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- Subject: Re: new releases [was Re: Official public code repository]
- From: Stephen Kellett <lua@...>
- Date: Thu, 27 Dec 2007 10:50:21 +0000
Tim Kelly wrote:
The leader in the Lua scenario is effectively the Queen bee, setting the
direction etc, but absolutely replacable in the event of the Queen bee's
Ok. By whom?
I thought that would be self evident by now. By the community. Same as
in the hive I just described. You want the benefits of commercial
support without apparently wanting to pay for it. In the absence of
that, you have to accept that the community does what the community
does. I would be amazed if in the event of the demise of the current
leadership that some other leadership did not happen. Who that will be
can only be found out in the fullness of time.
Should I be wrong about your unwillingness to pay for it, there are
plenty of people here that will be willing, for a fee, to provide you
with support. Just ask (I will not be one of them).
If you don't like that you can go the commercial route and witness the
fate (as others have already mentioned) of Visual Basic users: They have
a choice of:
A) Migrate to Visual Basic.Net with all the costs associated with
learning .Net (non trivial to your average VB user and a fair bit of
work for an experienced VB software engineer). Its a major discontinuity.
B) Use a third party product (name escapes me, seen it in a Dr Dobbs
add) which is supposedly VB compatible
C) Continue without support and no access to the VB source code.
With Lua your options are:
A) Migrate to an arbitrary other language with all the costs associated
with it. Non trivial.
B) Continue with the Lua community.
C) Continue without support and but with access to the Lua source code -
Take the Lua source in house and maintain it yourself (thus solving the
support issue). Take a look at the source, its the smallest of all the
scripting languages out there, by quite a margin.
Seems like Lua offers an equivalent (A) or better (B, C) options.
C is blatantly obvious, but you appear to discount that option as
expensive. But why is archiving something to CD Rom expensive? If it
isn't broken you have nothing to fix and thus nothing to maintain. You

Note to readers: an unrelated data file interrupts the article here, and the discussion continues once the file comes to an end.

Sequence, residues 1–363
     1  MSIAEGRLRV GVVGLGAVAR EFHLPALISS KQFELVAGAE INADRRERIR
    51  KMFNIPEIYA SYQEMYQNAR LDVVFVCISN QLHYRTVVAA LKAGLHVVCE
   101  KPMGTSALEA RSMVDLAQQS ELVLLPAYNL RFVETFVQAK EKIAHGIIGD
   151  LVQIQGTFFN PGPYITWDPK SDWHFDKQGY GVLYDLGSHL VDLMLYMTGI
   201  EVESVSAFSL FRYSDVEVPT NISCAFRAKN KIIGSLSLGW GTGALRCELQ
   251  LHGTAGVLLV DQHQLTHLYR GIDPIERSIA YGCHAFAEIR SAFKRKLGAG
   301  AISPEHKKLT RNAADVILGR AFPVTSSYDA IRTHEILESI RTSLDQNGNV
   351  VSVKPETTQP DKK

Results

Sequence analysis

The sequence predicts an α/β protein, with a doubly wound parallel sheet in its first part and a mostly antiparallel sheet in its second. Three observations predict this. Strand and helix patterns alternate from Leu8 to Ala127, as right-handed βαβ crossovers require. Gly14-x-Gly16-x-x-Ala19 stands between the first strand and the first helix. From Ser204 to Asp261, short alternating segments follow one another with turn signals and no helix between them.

don't take your car's engine apart for a full rebuild for the sake of
it, you do that if a piston breaks (highly unlikely). But that is the
cost you appear to be placing on it.
Frankly, having read your other replies (recurring revenue stream by
forcing unwanted and unnecessary change on your customers *) I have
little doubt you will find anything here that suits your needs. People
using Lua want to get things done, done right, done once. No need to
repeat yourself for the wrong reason. Looking at the most development
communities from C++ to Python to Ruby, I find the same thing.
Re: Your business wants change answers. Could not disagree more. The
only reason people flit from technology to technology is either because
they haven't found what they need or they are "headless chicken" mode
and have little clue what they really need, or you are dealing with
bankers, who for some strange reason always want to be on the bleeding
edge of technology. My experience of a wide variety of companies is that
they choose their technologies carefully and stick to the choice, only
adding (adding, not replacing) new technologies when the technology is
appropriate for serving a new class of customer and adds to the business.
You've been given plenty of useful answers. Sadly you seem to only want
to hear "roadmap this, roadmap that". You've already been told that
Adobe, the dominant vendor of graphical software tools uses Lua. If they
are sold on it (despite having two in house languages (Flex and AIR))
what is the problem?
The problem appears to be that you want a roadmap. And people to stand
behind it, like in multi-million dollar organisations such as Microsoft
I cna't help thinking this desire for roadmaps is to avoid any
responsibility for a decision. A roadmap provides the ability to pass
the buck should something go wrong. "Oh but we used this roadmap, it
said such and such. I take no blame for any errors in my decisions".
Thats about as helpful as all these banks that sold sub-prime mortgages
as "collateralised debt obligations" creating fake money that only comes
back to bite them in the backside with $10 billion write offs (and a lot
of damage to the economy on both sides of the Atlantic).
We didn't need a roadmap when making the decisions to port our software
application of the grey matter inside our heads and the responsiblity
accept that there is some element of risk in all decisions in life. If
there had been a roadmap we may have examined it to check that it was
going roughtly where we expected it to go, but that is more to spot new
opportunities than to absolve ourself of any errors in planning.
(*) Our customers get changes that improve the software, not
un-necessary ones to generate revenue.